The house page of the Center's site includes a striking montage image. A generic graphic of a smart device is integrated with a photo of a woman. She is not provided as being on the screen. She is in fact looking out from the phone, leaning with her arms folded on the bottom edge of the screen as though it were a windowsill. She seems delighted, delighting in the view. And she is bathed in sunlight.
Maybe it makes good sense to utilize these brighter evenings for something aside from taking a look at pixels? And when bedtime approaches, matching sundown with a digital sundown: everything turned off, leaving simply a land-line with a number known just to family and buddies, and a devoted alarm clock.
Joining those who have dropped their mobile phones entirely, integrating a basic phone with a laptop computer or tablet (much better for typing on). Nowadays these concepts may sound almost extreme, however as far as biology is concerned, they're exactly what your brain wants. For this reason the medical side-effects of tech over-use.
Since of the apparent decrease in traffic accidents, Daylight Saving Time is said to increase life expectancy of a nation's citizens. Ditto prohibiting phone use while driving, naturally (with a much clearer causal link). Phones threaten in other methods, too: scrollers strolling into traffic, selfie trophy-hunters taking one threat a lot of, etc. Over-use of tech diminishes our lives in another way as well-- incrementally and inevitably. It offers us a narrower existence in which we are less focussed, less rested and hence less awake. Over-use eats our lives, and it's becoming the standard.
Time for a rethink?
Do you find that anywhere you go, you constantly wind up in the same location: in front of your smart device? Using it, or letting it use you, to remain 'linked'? Connected with what individuals depend on back home. Connected with the most recent report. Connected with work. Gotten in touch with video games, YouTube videos, Wikipedia. Gotten in touch with photos from the last holiday you took, and the one prior to that. What sort of 'connection' is that, really? This scenario is something that's approached on us, and perhaps it's time to begin making some choices ...
A vacation is an opportunity to turn off, to experience new things. If we do not also switch off our devices, if we continue to outsource our awareness to image sensors and memory cards, if we're still attached to what we were doing before we left and exactly what we'll be doing when we get back, it's as if we're paying a kind of vacation tax. Part of the experience is subtracted-- and not to help the local economy, however to assist line digital detox meaning the pockets of investors of social networks business.
Imagine a classic travelogue like Jack Kerouac's On the Road, minus this tax. There wouldn't be much. As well as if we're looking for something a bit less extreme for our fortnight away, the principle still uses. Whether it's a case of pings on the beach, or livestreaming from the Louvre, something's gotten however something's lost. And on the subject of getting lost, yes, without a smartphone it might happen. And possibly you'll end up somewhere that turns out to be the emphasize of your trip. Perhaps you'll discover some appealing dining establishment that isn't really on tripadvisor.com. You might wind up talking to some locals. Nothing ventured, nothing gained. This connect the growing slow travelmovement, and the reclaiming of overland travel as a mainstream and practical option to flying, demonstrated by the underground success of The Man in Seat Sixty-One. It's everything about existing.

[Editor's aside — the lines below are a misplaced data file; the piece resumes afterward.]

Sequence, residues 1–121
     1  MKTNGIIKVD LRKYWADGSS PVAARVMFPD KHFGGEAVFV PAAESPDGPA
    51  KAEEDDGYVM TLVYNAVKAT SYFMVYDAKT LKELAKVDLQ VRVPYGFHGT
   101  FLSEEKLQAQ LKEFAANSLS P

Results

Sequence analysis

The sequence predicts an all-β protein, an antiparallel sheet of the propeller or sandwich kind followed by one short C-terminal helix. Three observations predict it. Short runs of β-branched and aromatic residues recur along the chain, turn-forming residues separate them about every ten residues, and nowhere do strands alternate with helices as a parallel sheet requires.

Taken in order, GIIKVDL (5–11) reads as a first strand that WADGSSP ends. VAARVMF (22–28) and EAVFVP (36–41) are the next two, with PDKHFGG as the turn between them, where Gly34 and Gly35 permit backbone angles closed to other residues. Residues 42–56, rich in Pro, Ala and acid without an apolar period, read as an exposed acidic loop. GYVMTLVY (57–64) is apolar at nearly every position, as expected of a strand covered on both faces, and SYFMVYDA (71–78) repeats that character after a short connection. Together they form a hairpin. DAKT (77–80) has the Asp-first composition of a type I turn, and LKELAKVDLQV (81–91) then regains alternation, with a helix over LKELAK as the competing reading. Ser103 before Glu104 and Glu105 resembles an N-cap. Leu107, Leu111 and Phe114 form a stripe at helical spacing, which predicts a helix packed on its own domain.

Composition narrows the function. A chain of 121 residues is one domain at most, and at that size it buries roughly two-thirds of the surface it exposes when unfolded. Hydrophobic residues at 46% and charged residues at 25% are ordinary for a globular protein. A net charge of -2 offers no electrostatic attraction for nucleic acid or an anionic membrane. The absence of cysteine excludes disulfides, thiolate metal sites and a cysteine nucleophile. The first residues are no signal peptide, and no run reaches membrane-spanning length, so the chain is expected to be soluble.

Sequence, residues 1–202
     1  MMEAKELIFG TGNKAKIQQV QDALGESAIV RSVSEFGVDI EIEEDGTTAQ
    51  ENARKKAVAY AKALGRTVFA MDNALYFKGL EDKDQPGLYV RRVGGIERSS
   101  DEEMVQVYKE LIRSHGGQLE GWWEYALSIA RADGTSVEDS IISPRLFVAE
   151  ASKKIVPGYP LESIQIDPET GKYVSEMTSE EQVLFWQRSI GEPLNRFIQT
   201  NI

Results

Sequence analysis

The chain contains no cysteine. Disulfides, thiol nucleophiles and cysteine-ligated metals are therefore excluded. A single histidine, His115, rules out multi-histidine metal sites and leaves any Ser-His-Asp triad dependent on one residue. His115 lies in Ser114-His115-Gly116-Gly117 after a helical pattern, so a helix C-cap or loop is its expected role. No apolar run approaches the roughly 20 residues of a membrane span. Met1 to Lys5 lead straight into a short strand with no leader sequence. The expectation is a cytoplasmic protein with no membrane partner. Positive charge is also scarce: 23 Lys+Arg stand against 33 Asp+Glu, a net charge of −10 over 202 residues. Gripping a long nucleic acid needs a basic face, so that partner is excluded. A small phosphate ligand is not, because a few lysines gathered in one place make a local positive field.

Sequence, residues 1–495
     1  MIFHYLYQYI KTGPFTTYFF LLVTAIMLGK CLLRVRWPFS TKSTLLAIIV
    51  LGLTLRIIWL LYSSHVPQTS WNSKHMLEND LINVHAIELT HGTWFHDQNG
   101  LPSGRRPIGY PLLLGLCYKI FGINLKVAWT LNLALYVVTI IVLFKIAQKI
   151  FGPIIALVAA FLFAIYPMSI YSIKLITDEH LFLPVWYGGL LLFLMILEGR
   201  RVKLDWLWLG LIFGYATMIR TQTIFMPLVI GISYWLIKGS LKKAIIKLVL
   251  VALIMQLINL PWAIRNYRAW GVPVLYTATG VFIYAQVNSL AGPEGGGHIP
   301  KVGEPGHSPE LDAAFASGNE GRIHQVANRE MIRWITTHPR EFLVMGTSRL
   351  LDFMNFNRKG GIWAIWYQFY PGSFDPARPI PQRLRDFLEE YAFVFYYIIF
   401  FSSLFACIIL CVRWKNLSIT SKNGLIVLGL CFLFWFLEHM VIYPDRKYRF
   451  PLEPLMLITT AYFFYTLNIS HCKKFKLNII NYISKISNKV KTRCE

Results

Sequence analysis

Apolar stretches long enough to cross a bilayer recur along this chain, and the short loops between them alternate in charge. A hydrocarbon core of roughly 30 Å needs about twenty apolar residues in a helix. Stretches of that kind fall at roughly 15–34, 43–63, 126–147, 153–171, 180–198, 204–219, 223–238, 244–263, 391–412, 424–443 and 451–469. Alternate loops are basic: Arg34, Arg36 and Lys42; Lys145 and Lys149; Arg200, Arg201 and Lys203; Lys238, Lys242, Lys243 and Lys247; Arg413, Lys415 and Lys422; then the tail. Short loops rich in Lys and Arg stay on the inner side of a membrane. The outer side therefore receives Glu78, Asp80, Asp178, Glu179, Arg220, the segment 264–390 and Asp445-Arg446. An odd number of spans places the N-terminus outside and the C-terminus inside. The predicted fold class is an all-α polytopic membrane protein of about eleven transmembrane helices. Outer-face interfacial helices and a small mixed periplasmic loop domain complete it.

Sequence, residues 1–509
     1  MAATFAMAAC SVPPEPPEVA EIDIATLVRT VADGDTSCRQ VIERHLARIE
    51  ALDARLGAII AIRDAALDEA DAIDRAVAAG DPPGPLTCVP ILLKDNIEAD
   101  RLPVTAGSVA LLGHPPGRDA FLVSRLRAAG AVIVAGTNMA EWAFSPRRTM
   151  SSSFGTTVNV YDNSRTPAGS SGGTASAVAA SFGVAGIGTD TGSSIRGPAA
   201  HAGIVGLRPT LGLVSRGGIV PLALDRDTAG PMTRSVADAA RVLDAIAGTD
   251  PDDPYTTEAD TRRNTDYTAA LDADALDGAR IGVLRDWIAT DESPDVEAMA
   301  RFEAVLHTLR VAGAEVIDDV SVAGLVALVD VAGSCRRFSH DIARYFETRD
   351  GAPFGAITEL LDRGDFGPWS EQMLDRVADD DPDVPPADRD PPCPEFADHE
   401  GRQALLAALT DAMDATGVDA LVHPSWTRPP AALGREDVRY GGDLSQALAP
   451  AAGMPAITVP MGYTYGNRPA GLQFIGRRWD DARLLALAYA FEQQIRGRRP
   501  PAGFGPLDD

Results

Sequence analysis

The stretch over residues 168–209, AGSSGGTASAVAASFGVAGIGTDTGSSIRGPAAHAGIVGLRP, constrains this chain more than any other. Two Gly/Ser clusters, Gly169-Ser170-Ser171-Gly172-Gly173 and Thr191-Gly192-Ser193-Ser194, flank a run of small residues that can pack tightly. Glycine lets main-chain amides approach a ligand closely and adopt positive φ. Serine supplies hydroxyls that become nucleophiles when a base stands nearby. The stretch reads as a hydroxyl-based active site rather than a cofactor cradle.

If we do choose to have a vacation that doesn't revolve around processing huge data, there are a few options. We can go to the other extreme, and leave house without any kind of phone or tablet. (That never utilized to be an extreme, however we live in severe times.) And we have choices like changing our gadget's settings to 'minimum', leaving it in the hotel safe during the day, and so on
. Or we can take a different phone. One that just does calls and texts. And after that immerse ourselves in a various culture, have some adventures, or merely delight in a bit of solitude.
The physical act of swapping phones goes deep. It's a bit like flying the nest. And it's beginning to gain in appeal: whether a cheap, old-tech design or something more stylish and updated, opting to sometimes utilize a simple phone is something that everybody can relate to nowadays. They may refrain from doing it themselves, but they definitely know why some people do.
There are useful benefits, too. Just having to charge your phone sometimes is popular with everybody however if you're going someplace without mains electrical power, your greedy mobile phone will be no usage at all. With a simple phone you do not need to keep examining that your digital factotum hasn't cunningly discovered some method of running up monster-sized data roaming charges-- it can still happen. However it's the 'actually existing' that really counts. Sure, taking a trip without a mobile phone will indicate a couple of mix-ups, a reduced capability to strategy, to know ahead of time what's going to take place. But taking a trip sans algorithms is where the action is. And the screens on easy phones are typically much harder than the big areas of glass found on their more complex cousins. Changing a damaged smartphone screen is a hassle at the very best of times; multiply that by ten if you're abroad.
It's the 'in fact being there' that actually counts. Sure, taking a trip without a smartphone will mean a few mix-ups, a minimized ability to plan, to know beforehand exactly what's going to happen. However travelling sans algorithms is where the action is.